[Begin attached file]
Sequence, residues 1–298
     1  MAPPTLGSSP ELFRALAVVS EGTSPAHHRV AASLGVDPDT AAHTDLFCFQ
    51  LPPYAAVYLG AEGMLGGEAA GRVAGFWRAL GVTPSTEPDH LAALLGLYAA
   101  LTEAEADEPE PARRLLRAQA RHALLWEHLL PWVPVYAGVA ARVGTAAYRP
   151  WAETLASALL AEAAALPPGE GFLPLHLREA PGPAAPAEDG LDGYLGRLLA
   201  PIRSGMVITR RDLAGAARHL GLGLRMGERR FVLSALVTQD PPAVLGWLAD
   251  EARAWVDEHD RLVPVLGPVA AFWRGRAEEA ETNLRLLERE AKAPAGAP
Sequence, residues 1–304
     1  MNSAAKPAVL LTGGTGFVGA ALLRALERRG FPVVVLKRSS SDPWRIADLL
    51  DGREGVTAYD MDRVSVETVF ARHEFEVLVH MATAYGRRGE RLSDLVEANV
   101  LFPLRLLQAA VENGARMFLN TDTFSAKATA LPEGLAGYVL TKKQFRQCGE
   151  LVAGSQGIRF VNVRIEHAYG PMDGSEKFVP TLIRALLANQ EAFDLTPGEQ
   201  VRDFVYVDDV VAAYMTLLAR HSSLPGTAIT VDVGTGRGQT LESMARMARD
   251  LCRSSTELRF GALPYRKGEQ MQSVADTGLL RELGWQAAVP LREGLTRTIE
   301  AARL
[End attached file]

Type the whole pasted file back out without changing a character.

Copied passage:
Sequence, residues 1–298
     1  MAPPTLGSSP ELFRALAVVS EGTSPAHHRV AASLGVDPDT AAHTDLFCFQ
    51  LPPYAAVYLG AEGMLGGEAA GRVAGFWRAL GVTPSTEPDH LAALLGLYAA
   101  LTEAEADEPE PARRLLRAQA RHALLWEHLL PWVPVYAGVA ARVGTAAYRP
   151  WAETLASALL AEAAALPPGE GFLPLHLREA PGPAAPAEDG LDGYLGRLLA
   201  PIRSGMVITR RDLAGAARHL GLGLRMGERR FVLSALVTQD PPAVLGWLAD
   251  EARAWVDEHD RLVPVLGPVA AFWRGRAEEA ETNLRLLERE AKAPAGAP
Sequence, residues 1–304
     1  MNSAAKPAVL LTGGTGFVGA ALLRALERRG FPVVVLKRSS SDPWRIADLL
    51  DGREGVTAYD MDRVSVETVF ARHEFEVLVH MATAYGRRGE RLSDLVEANV
   101  LFPLRLLQAA VENGARMFLN TDTFSAKATA LPEGLAGYVL TKKQFRQCGE
   151  LVAGSQGIRF VNVRIEHAYG PMDGSEKFVP TLIRALLANQ EAFDLTPGEQ
   201  VRDFVYVDDV VAAYMTLLAR HSSLPGTAIT VDVGTGRGQT LESMARMARD
   251  LCRSSTELRF GALPYRKGEQ MQSVADTGLL RELGWQAAVP LREGLTRTIE
   301  AARL